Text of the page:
Reviews

jennifer crow @ Goodreads:

“Samantha Henderson’s poetry collection The House of Foreveris an excellent introduction to her work. My only wish was that it had been longer, because I found myself wanting more of her work to read. Many of these poems draw on history, religion, and science, the disparate elements blending together into a whole that’s definitely more than the sum of its parts. I particularly liked “Hero,” “The Miracle of the Gulls, 1848,” “Egyptology,” and “After the Crash.” The last poem, in fact, cleverly touches on several classic works of fiction by women writers as it inquires what a lost space explorer might try to teach those who follow her. Altogether, an excellent collection.”

Amazing Stories (excerpt):

It seems to me that Henderson’s poems are very interpretable. I mean, that despite vivid imagery and symbolism she is able to give each reader a very personal reading experience. Where Karen sees time bending in much of Henderson’s poetry, I see relationships (even with ghosts) bending, transforming, molding in ways surprising and revealing. She observes the beings around her (and in her imagination) and reveals our relationship to them, which by nature becomes a very personal thing.

Read full review here

LOCUS ONLINE:

“[‘Beside Calais’] is uniquely memorable. Recommended.”

SFFworld.com:

“‘Escaping Salvation’ by Josh Rountree and Samantha Henderson is the sort of story that could be used for the kernel of a pretty convincing novel.  It’s set in a post-apocalyptic southwest where fuel and water are scarce, electricity is gone, and people are living in camps.  Dirt angels, large giant sand golems, form from time to time and wreak havoc on people and settlements.  The main characters hunt these creatures and take their parts to sell.  They stumble on a camp and into the midst of a family drama that is years-old, which conjures up dreams of wind power and enough water to live.  This story is very earthy and real, with a strong sense of magic pervading the land and the lives of the people living on it.  RECOMMENDED.”

Fantastic Reviews Blog:

“The fantastic element comes in late in the tale, and Henderson keeps it vague just what’s happening. The focus of this story is on the kind of everyday resentments that might lead someone to make the sort of terrible choice demanded in a fantasy story. “The License Plate Game” is a nicely written, thought-provoking piece.”

Grasping for the Wind Science Fiction and Fantasy Reviews:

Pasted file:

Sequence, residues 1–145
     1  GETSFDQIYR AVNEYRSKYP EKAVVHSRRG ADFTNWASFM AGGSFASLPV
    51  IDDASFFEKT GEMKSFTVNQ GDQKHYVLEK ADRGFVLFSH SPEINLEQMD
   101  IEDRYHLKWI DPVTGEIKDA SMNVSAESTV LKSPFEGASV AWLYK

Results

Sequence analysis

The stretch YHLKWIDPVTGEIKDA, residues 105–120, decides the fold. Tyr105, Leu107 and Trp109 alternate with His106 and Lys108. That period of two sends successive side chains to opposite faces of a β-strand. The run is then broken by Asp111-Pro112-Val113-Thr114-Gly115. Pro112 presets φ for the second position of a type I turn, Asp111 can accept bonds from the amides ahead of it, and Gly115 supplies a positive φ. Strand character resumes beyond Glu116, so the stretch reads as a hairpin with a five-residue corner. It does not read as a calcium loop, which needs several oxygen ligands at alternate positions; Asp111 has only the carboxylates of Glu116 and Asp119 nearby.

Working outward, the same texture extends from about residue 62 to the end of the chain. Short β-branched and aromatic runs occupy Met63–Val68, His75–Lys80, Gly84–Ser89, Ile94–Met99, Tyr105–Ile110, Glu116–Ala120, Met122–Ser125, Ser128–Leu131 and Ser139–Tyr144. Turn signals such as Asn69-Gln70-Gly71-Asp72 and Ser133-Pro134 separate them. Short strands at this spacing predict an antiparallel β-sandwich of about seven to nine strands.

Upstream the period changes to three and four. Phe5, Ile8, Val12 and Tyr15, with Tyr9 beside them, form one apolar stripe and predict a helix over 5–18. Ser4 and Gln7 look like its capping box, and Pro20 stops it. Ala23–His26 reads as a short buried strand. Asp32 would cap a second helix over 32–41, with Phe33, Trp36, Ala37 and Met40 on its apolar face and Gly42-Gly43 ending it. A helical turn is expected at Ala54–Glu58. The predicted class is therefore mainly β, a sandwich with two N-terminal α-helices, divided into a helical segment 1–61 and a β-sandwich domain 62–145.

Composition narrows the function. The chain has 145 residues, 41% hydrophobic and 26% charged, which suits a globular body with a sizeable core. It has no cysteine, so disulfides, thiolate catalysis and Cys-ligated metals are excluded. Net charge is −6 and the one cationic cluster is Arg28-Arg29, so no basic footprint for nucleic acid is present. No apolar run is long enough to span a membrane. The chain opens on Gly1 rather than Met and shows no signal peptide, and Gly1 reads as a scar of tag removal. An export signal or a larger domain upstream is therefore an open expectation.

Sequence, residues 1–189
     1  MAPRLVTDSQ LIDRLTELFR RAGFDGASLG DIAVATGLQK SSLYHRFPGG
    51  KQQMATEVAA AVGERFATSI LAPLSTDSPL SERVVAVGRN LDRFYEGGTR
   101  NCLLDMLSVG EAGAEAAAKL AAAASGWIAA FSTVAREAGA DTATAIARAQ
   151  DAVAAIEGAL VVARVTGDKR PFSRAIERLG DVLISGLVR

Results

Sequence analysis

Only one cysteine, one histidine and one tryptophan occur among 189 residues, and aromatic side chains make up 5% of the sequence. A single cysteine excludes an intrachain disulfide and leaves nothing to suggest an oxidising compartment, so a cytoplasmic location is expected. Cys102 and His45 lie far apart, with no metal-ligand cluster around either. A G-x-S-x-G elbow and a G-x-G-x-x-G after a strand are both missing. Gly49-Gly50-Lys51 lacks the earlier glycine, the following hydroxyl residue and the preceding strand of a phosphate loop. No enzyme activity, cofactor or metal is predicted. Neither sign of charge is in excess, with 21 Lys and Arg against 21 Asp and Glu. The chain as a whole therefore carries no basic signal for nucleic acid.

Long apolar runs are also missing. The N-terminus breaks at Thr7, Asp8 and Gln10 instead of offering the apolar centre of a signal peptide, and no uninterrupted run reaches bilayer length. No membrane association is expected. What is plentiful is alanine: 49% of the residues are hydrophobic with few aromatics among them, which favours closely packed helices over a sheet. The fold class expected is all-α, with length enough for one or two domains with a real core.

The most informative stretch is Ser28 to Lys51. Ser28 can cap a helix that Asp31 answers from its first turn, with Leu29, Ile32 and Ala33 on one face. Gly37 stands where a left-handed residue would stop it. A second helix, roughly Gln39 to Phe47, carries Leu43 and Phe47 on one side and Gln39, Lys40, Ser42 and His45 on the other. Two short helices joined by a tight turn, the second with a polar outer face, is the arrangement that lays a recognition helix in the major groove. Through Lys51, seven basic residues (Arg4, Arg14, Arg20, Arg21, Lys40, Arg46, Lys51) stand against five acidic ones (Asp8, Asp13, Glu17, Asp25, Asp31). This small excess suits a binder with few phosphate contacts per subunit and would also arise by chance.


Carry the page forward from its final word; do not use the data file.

“…I have rarely enjoyed a Forgotten Realms novel more. The book is easily read by anyone unfamiliar with the Realms, is entirely stand-alone (so far) has exceptional characterization and a complex but easily followed plot. It borrows plot devices from Shakespeare while also being full of sword and sorcery pulp action. I highly recommend Samantha Henderson’s Dawnbringer.”

Tangent Online:

“Henderson does a good job of creating a long history through the conversation of a single moment. “The Red Bride” is short and simple: a good concept well executed.”

Locus:

“I particularly liked “The Red Bride” by Samantha Henderson. It’s a simple story, slyly told, set on an alien planet (apparently, though the feel is deliberately fantastical) as the long-enslaved local race finally revolts, behind the title character. That’s the penumbra to the story, but the heart is in one servant, telling a human girl what’s going on, and hinting at her possibly merciful (or not!) fate.”

Jim Hines:

“If you like a darker, more complex story, I’d definitely recommend picking (Heaven’s Bones) up.”

Tangent Online:

“I was bowled over by [Cinderella Suicide’s] sheer elegance.  It is more than a science fiction story of body-modded mercenaries.  Henderson has woven in elements of a mythic quest as well as a poignant and somewhat horrific resolution.  Excellent story.”

Tangent Online:

“[The Tailor and the Fairy] is a nice play on the eighteenth-century literary fairy tale device in which the tales are written as though told by the governess. But they certainly never had a governess quite like this. This brings humor and a sharp edge to the story. Henderson handles both aspects of the finely told tale with equal skill in an assured performance.”

Internet Review of Science Fiction:

“[Histories] has an eldritch tone, almost Lovecraftian, as a human is trapped by forces unhuman and unknowable.”

Tangent Online:

“Though the core idea is science fiction, [Shallot] feels like a fantasy—in part, no doubt, because to everyone except the Lady, it is a fantastical series of events and not something they can connect with the skies above.  Henderson shows successfully that the two genres need not exist on either side of a wall.  She writes beautifully and with perfect pacing, quickly painting a striking cast of characters: a very strong story.”

Locus:

“My favorite story was Samantha Henderson’s “The Ballad of Delphinium Blue”, a lyrical story of a “bist-girl” on another world, and her betrayal by a handsome Earthman.”

The Fix:

“[Chandra’s Game] is crisp and energetic, and while there are no lengthy, drawn-out passages of description, one gets a clear visual of what this world looks like. The strength here is in how Henderson awakens our senses by evoking touch, sound, smell, and taste. The world is gritty and real, and the climax when it arrives is satisfying as well as unexpected. Highly recommended.